I was just saying that it isn't totally unreasonable (yet) that aliens could have kickstarted life on Earth. The method of how that is possible is still greatly up to debate.



posted on Feb, 27 2016 @ 05:09 PM
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Pushing the boundaries guys, pushing it way to hard..



posted on Feb, 27 2016 @ 05:34 PM
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a reply to: Ghost147


When the conditions of life, result in life like us consciously.

The next question becomes what is death.



posted on Feb, 27 2016 @ 06:02 PM
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originally posted by: Kashai
a reply to: Ghost147


When the conditions of life, result in life like us consciously.

The next question becomes what is death


I don't understand the point and questions you're trying to make. Could you reword/punctuate them?



posted on Feb, 27 2016 @ 06:19 PM
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From my personal Christian view. I believe the original earth to be older than what many Christians say. I believe the original earth had not water on it. Water later came upon the earth When God's judgement came upon a being and his followers when he rebelled against God on this earth. that is where Genesis 1:2 starts and everything after that second verse is how everything today is as it is.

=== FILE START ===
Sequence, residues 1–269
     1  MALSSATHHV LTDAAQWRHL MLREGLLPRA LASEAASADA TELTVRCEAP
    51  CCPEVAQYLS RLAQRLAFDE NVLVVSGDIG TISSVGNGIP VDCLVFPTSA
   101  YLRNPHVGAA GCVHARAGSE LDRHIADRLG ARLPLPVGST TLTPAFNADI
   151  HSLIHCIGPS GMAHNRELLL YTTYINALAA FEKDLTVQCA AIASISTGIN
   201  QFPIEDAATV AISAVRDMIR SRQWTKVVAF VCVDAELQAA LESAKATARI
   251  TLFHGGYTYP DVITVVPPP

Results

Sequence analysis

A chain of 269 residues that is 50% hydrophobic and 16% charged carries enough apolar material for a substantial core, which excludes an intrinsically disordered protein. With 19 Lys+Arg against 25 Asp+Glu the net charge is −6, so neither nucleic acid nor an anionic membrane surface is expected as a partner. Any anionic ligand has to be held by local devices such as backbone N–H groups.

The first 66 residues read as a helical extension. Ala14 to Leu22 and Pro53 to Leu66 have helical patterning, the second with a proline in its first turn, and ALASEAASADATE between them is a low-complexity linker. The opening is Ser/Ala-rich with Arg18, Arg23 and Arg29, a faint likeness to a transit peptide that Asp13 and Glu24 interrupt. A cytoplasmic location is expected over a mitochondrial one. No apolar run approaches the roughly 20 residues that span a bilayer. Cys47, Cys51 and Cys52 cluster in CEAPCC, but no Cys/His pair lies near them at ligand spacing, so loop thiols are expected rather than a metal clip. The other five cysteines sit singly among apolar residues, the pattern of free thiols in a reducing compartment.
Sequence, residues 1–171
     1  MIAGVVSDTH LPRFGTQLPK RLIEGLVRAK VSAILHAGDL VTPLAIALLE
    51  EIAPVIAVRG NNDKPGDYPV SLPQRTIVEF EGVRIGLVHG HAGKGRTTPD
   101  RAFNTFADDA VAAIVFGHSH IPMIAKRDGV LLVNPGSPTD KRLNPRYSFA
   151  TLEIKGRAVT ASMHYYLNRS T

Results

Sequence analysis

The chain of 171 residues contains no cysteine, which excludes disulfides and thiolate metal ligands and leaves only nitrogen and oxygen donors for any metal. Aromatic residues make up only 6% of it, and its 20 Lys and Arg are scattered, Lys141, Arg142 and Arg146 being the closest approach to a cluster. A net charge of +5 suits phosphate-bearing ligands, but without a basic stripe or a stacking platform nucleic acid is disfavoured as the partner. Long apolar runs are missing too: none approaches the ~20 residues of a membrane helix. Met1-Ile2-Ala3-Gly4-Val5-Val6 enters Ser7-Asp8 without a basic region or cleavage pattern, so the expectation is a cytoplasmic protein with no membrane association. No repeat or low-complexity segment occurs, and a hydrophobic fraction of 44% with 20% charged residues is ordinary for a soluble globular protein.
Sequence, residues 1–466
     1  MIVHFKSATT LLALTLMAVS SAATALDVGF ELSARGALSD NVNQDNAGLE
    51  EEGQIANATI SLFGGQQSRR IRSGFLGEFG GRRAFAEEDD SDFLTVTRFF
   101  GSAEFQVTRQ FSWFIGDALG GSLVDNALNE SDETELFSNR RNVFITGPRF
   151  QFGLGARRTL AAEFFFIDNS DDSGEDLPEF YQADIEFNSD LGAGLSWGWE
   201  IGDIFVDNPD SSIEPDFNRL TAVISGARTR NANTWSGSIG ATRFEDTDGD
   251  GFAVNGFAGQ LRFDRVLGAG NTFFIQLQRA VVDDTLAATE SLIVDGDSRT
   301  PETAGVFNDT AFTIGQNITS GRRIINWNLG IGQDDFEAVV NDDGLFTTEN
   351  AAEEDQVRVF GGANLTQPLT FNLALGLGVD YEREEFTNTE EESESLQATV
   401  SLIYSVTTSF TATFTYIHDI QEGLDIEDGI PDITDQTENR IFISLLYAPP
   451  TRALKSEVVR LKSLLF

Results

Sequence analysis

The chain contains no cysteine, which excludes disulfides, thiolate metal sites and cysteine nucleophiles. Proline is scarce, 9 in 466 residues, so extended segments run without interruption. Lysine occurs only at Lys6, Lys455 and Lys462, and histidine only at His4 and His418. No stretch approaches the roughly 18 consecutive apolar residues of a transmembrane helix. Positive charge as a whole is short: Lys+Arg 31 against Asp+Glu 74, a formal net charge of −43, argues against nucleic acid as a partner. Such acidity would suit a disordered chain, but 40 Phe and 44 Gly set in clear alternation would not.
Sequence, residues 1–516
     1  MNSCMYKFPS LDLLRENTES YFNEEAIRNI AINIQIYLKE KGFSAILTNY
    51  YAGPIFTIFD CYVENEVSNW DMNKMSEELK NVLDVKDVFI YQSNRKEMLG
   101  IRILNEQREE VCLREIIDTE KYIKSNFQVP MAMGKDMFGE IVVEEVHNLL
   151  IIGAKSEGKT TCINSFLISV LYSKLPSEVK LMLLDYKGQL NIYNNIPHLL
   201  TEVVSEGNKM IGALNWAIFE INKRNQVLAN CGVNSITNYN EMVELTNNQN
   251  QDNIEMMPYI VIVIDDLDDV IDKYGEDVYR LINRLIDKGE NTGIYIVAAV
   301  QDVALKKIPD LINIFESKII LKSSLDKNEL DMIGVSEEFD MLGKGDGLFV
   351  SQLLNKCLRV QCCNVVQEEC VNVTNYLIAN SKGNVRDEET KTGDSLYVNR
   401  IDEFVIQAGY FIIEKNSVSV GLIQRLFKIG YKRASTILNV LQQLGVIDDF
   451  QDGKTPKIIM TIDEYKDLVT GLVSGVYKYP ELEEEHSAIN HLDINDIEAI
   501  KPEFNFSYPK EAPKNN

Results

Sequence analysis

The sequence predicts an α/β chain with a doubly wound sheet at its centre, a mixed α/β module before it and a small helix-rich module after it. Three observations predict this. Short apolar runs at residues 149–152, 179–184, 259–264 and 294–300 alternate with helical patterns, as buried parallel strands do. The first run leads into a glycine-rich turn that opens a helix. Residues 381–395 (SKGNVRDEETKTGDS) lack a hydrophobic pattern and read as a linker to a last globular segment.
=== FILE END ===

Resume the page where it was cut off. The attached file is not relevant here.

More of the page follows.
But hey, I am just an ignorant fool and that is MHO.

Yes I do have verses from the Bible for my belief.

I hope I have not derailed the thread.



posted on Feb, 27 2016 @ 06:23 PM
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a reply to: Ghost147


Just pointing out something in relation to the human condition.



posted on Feb, 27 2016 @ 06:29 PM
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originally posted by: Kashai
a reply to: Ghost147
Just pointing out something in relation to the human condition.


I don't understand what the origin of life has to do with consciousness though. Your sentence was just oddly typed, perhaps I missed the point.



posted on Feb, 27 2016 @ 06:34 PM
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a reply to: Ghost147


In so far as mankind's origins it has everything to do with how life originated in so far as mankind is able to determine.

Actually the other Avatar is way cooler.



posted on Feb, 27 2016 @ 06:38 PM
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originally posted by: Kashai
a reply to: Ghost147
In so far as mankind's origins it has everything to do with how life originated in so far as mankind is able to determine.


Except consciousness only really occurred millions of years after the onset of life itself. What occurs to life once life exists doesn't really have an effect on how it began.



originally posted by: Kashai
a reply to: Ghost147
Actually the other Avatar is way cooler.


Lol, this is my original one. Some members didn't recognize me with the last



posted on Feb, 27 2016 @ 06:44 PM
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a reply to: Ghost147



Lol, this is my original one.

And wonderfully hideous.

The rectilinear crudite on the menu is particularly disconcerting. Live food?



posted on Feb, 27 2016 @ 06:45 PM
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a reply to: Ghost147

How have we established that consciousness happened millions of years ago when life began?